But specialists think that reducing the number of tuberculosis patients in Bangladesh in the stipulated time will be very challenging.
Factors that facilitate the spread of the disease include increased population, increase in average life expectancy, rapid urbanisation, malnutrition, poverty, diabetics, AIDS and multi-drug resistance. It will be very tough to control the disease in this country within the stipulated time, because of these reasons.
An official of the National Tuberculosis Control Program said there is no term like "End TB."
"Tuberculosis will not go away; it has to be kept under control. While working at the field level, we found that the number of tuberculosis patients are increasing at such a rate that it is very difficult to fulfil the targets set for 2035," he added.
Dr Asif Mujtaba Mahmud, who has been working with tuberculosis patients for 34 years both at the government and the private levels, told The Business Standard that 27 percent of tuberculosis patients are not being treated because they are not aware that they have the infection.
"Those undiagnosed tuberculosis patients may infect others. Moreover, some infected people stop taking treatment in the middle because of social misconception, fear about the disease and side effects of its treatment. They later become infected with MDR tuberculosis," said Dr Asif.
The risk of tuberculosis infection is two to three times higher in diabetic patients than in normal people, because the immunity of malnourished and diabetic patients is very low.
Since 2013, Birdem Hospital has been implementing a project called "BADAS-USAID Challenge TB Project" to identify diabetic patients with tuberculosis. Project Manager Professor Dr M Delwar Hossain said there are 35,000 diabetic patients who also have tuberculosis in the country.
Medical Officer of the project Dr Ferdousi Begum said, "With the increase of diabetic patients in our country, the number of tuberculosis patients is also increasing. On an average, 45 diabetic patients, including children, are diagnosed with tuberculosis every month".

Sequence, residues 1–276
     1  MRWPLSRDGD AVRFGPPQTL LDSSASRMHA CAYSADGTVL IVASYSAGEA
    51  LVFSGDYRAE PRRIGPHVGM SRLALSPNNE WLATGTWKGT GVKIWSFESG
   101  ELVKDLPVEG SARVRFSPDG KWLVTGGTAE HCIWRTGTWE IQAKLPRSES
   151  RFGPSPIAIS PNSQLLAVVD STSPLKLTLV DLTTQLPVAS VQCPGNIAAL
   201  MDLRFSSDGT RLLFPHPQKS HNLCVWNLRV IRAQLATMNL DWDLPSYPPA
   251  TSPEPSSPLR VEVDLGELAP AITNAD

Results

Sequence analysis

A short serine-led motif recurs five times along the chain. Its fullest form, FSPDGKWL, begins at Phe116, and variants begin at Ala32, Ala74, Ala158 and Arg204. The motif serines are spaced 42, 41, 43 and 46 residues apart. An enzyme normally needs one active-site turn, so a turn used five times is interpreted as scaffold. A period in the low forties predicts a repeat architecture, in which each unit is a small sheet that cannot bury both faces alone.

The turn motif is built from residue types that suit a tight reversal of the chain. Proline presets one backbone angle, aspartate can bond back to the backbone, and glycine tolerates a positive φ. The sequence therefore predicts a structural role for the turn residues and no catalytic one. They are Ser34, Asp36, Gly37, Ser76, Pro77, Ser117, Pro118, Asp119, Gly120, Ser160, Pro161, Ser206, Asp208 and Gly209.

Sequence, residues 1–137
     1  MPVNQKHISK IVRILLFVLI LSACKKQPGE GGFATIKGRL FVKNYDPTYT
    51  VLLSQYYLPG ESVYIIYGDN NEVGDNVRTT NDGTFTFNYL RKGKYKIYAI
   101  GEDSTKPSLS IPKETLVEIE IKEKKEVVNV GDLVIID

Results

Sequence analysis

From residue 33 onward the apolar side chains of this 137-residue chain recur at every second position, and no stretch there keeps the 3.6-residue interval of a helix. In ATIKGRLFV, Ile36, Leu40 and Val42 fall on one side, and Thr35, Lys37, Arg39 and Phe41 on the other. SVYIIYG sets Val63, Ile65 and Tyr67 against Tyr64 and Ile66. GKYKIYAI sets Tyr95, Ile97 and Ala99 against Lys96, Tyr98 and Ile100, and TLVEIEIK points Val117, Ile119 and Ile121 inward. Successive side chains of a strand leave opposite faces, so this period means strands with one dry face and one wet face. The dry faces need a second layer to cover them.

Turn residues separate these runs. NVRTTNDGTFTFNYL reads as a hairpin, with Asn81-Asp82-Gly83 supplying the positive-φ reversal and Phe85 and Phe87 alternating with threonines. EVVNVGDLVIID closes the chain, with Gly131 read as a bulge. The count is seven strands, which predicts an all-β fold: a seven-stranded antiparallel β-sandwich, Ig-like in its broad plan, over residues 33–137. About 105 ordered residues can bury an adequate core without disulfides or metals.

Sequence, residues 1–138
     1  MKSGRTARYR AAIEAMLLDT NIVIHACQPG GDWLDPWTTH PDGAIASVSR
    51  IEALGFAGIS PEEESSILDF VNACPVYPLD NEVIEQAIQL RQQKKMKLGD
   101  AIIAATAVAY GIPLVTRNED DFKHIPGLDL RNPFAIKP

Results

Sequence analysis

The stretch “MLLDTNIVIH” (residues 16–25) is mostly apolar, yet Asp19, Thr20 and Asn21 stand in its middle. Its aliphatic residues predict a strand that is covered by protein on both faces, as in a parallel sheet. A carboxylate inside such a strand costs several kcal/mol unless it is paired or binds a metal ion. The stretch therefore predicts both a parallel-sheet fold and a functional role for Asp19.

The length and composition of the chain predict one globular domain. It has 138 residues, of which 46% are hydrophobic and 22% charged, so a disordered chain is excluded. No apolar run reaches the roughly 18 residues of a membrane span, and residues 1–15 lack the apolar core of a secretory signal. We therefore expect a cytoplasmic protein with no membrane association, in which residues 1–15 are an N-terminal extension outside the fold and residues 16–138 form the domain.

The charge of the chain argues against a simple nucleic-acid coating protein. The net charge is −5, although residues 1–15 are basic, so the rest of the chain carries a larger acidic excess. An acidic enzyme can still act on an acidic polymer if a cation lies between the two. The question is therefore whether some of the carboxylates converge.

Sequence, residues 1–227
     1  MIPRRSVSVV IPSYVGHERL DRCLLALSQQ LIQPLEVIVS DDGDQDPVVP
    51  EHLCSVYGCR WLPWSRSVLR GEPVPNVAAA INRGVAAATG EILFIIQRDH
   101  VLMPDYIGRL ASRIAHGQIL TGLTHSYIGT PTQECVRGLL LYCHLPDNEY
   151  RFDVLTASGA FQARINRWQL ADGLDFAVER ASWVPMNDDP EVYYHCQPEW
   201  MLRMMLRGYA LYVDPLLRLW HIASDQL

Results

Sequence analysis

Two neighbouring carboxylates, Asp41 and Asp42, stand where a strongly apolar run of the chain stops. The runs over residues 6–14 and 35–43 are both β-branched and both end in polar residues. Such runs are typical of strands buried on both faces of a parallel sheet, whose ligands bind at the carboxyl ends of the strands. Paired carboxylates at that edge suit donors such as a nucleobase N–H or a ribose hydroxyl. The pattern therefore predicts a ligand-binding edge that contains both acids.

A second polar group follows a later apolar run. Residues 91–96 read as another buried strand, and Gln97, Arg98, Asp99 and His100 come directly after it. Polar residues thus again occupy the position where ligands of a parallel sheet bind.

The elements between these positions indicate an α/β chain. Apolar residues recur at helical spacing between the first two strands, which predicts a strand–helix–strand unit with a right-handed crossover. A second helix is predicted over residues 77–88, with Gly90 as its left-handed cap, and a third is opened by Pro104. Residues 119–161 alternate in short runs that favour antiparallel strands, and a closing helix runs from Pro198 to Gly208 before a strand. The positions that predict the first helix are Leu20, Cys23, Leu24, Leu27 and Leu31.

Dr Shamiul Islam, line director of the National Tuberculosis Control Program, expressed confidence in successfully eradicating tuberculosis in Bangladesh by 2035.
He said, "We can achieve all the goals within the stipulated time. Our coverage increasing by ten percent last year. Currently, around 95 percent of patients complete the full treatment.
"The government has identified all types of tuberculosis, including drug resistant tuberculosis with the use of GeneXpert machines of which it has 218. Additionally, programs including coordination, monitoring and evaluation adopted by the government and non-government organisations are being implemented successfully," he added.
However, Dr Asif Mujtaba Mahmud, respiratory medicine consultant at Asgar Ali Hospital, said that along with active TB, there are also latent tuberculosis infections, which is expensive to diagnose and cure. Currently Bangladesh does not have the facilities to treat latent tuberculosis.
"We are putting priority on controlling active tuberculosis. Eradicating all types of tuberculosis including MDR and latent tuberculosis, and identifying undiagnosed patients is a challenging task. For that we have to take measures to identify latent tuberculosis and its treatment".
He said, "The private sector also has to become involved in this initiative. Additionally, we have to put emphasis on poverty reduction and prevention of smoking. We need a national level campaign for this".